NBL Basketball: Hawks in scrabble for major backer

By Anendra Singh

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Tab Baldwin believes the Hawke's Bay community will get behind the hapless Hawks for a naming rights sponsor. Photo/File
Tab Baldwin believes the Hawke's Bay community will get behind the hapless Hawks for a naming rights sponsor. Photo/File

The Hawks are facing the prospect of tipping off their season in April without a naming rights sponsor, leaving the Hawke's Bay basketball franchise frantically seeking a replacement.

HBS Bank has decided not to renew its three-year contract.

"The story is obviously that it's difficult to face but it's not a crisis," Hawks coach Tab Baldwin said last night as he prepares for his second stint at the helm of a side that underachieved last season in the Bartercard National Basketball League (NBL).

"To be honest, it was the end of their expiry date so everything stops and the decisions are made so this is where we're at," the former Tall Blacks coach said after the Hawks finished in seventh place in the nine-team NBL last year with five wins from 11 games.

"That's what the organisation have said to me so I'm confident they'll do the job."

Hawks general manager Tanya Dearns said the potential loss in revenue was between $50,000 and $80,000.

Dearns said there was no risk of the Hawks not competing in the NBL but the loss of a naming rights sponsor would put considerable pressure on the organisation.

"We have appreciated the support by HBS Bank locally but the decision was made by its national office.

"We're at a crucial stage in the lead up to the season, signing new players and re-signing existing players, along with the production of playing and training uniforms, so we need to find another company to step up pretty quickly," she said, adding HBS Bank would remain a lower-tier sponsor.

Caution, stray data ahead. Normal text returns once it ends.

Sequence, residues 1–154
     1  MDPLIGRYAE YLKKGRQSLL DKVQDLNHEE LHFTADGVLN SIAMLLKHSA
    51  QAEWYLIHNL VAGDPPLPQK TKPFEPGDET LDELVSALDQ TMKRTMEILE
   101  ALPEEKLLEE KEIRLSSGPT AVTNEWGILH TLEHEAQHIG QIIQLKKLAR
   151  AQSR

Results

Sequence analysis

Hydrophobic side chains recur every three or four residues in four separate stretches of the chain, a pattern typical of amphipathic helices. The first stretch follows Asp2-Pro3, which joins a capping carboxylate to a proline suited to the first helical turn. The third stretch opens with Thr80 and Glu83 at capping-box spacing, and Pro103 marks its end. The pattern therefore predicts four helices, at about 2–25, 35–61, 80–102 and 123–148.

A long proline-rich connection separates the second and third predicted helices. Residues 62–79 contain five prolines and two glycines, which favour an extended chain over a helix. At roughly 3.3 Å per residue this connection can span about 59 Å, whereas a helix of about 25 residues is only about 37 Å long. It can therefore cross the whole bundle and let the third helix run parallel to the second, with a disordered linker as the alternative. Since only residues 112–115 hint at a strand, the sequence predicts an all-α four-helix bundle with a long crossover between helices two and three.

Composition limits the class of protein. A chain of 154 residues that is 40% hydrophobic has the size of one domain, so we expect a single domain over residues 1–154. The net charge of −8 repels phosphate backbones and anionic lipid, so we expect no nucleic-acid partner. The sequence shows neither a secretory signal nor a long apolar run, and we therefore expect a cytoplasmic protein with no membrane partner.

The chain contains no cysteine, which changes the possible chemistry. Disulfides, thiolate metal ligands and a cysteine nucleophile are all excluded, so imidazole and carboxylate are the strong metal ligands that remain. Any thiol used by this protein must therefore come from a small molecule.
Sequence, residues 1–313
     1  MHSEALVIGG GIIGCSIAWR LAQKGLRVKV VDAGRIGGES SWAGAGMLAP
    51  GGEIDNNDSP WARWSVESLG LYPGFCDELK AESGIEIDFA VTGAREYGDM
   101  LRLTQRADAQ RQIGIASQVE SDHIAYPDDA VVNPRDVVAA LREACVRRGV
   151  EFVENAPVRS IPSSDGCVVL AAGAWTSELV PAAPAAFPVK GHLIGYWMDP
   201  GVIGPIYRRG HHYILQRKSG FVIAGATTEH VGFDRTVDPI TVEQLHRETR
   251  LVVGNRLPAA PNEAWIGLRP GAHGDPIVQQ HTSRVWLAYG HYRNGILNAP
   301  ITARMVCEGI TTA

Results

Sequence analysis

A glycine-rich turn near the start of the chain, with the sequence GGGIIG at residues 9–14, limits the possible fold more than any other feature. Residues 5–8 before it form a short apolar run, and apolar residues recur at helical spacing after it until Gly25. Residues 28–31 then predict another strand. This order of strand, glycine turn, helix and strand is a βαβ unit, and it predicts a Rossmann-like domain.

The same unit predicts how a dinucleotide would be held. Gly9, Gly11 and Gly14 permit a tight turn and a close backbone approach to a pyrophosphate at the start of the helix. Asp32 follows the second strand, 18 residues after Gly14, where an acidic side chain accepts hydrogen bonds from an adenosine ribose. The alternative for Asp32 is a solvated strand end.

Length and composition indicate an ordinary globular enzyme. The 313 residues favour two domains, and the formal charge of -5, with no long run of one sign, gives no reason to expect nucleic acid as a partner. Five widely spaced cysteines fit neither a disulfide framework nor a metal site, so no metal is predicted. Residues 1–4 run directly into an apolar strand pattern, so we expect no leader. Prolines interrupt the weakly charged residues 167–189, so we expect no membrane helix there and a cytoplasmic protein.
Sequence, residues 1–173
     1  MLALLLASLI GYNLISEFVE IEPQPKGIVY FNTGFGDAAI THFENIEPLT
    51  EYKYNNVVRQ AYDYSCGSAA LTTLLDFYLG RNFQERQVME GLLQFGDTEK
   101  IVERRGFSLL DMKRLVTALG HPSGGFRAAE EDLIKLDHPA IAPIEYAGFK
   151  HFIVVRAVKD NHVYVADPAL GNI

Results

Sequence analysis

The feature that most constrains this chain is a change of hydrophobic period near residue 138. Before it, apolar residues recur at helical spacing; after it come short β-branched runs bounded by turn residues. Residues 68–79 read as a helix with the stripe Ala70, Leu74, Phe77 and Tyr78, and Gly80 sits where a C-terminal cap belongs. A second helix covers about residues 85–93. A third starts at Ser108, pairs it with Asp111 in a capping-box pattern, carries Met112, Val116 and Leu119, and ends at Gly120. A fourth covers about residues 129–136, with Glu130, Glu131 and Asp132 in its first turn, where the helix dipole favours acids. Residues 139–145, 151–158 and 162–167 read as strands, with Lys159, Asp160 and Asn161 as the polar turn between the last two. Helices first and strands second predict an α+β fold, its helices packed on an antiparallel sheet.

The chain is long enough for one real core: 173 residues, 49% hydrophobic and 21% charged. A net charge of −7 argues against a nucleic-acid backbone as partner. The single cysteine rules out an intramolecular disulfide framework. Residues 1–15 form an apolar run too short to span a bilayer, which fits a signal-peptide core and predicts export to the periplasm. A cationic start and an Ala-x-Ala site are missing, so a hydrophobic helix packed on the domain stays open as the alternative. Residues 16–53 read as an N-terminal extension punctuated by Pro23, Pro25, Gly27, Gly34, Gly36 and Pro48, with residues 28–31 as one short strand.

The interest from potentially new sponsors, Dearns said, was good below the naming rights level.

Baldwin, who last year replaced Bay-born Paul Henare after he switched allegiances to the Southland Sharks following a changing of guards in the franchise ownership, lauded HBS Bank as a great sponsor.

The franchise, he said, had lost money but the bank brought a spin-off of quality and flavour that reflected the Bay community's spirit.

"It's a blow that an organisation like that is not behind us [as naming rights sponsor] but we also have to be grateful that they've been with us ... and will still be with us in a lesser capacity."

Baldwin, who has bagged five NBL titles with the now defunct Auckland Stars, hastened to add HBS Bank had chosen to support the Hawke's Bay Magpies rugby team in their ITM Cup provincial campaign this winter.

"Rugby is awfully tough for us or anyone to compete with in this country.

"Rugby here had a great year," he said, after coaches Craig Philpott and Danny Lee spearheaded the provincial rugby team to winning the Ranfurly Shield last winter in Dunedin, breaking a 43-year drought with a 20-19 win over Otago before losing it to Counties-Manukau in their first defence six days later.

The Magpies, who had a forgettable season in 2012, also made the second-tier Championship playoffs last year but lost away to the Tasman Makos in the final to forfeit the right to promotion to the Premiership in the coming season.

"I'm a kind of guy who sees the glass as half full," Baldwin said.

The Hawks, he feels, have historically had a great presence in the Bay where the community also has a propensity to rise at times of adversity. He expects they will once more deliver.

"The Hawks have great community support and it's no different now."

The players have been active in promoting the code in schools and also helping youngsters work towards acquiring life skills when older so that makes the basketball franchise a valuable commodity.

Former netball international Dearns, he felt, would be equally effective after assuming the mantle of general manager in her maiden stint with the franchise.

"Some companies will be able to help us pick up the slack but we definitely need a naming rights sponsor so I'm confident someone will step up."

No doubt, Baldwin said, the timing of the naming rights sponsorship could have been better.

The Hawks are in the process of signing players and are close to fulfilling their "local" (NZ) quota and have signed Napier-based American Kareem Johnson as their first import after a gamble to bank on his citizenship backfired last season.

Some players have left the Hawks nest, such as youngster Alonzo Burton to the Manawatu Jets and Dion Prewster to his hometown franchise of Wellington Saints after one season.

American import Brian Greene, who deservedly collected a lion's share of silverware last season, was surplus to requirements Baldwin said last month because they had signed Johnson who would need a big rig to back him up.

Greece-based import Darko Cohadarevic, of Serbia, has been rightly deemed "too soft" as Baldwin continues his search for a proper fit to ensure they don't make recruitment "mistakes" again.

- Hawkes Bay Today

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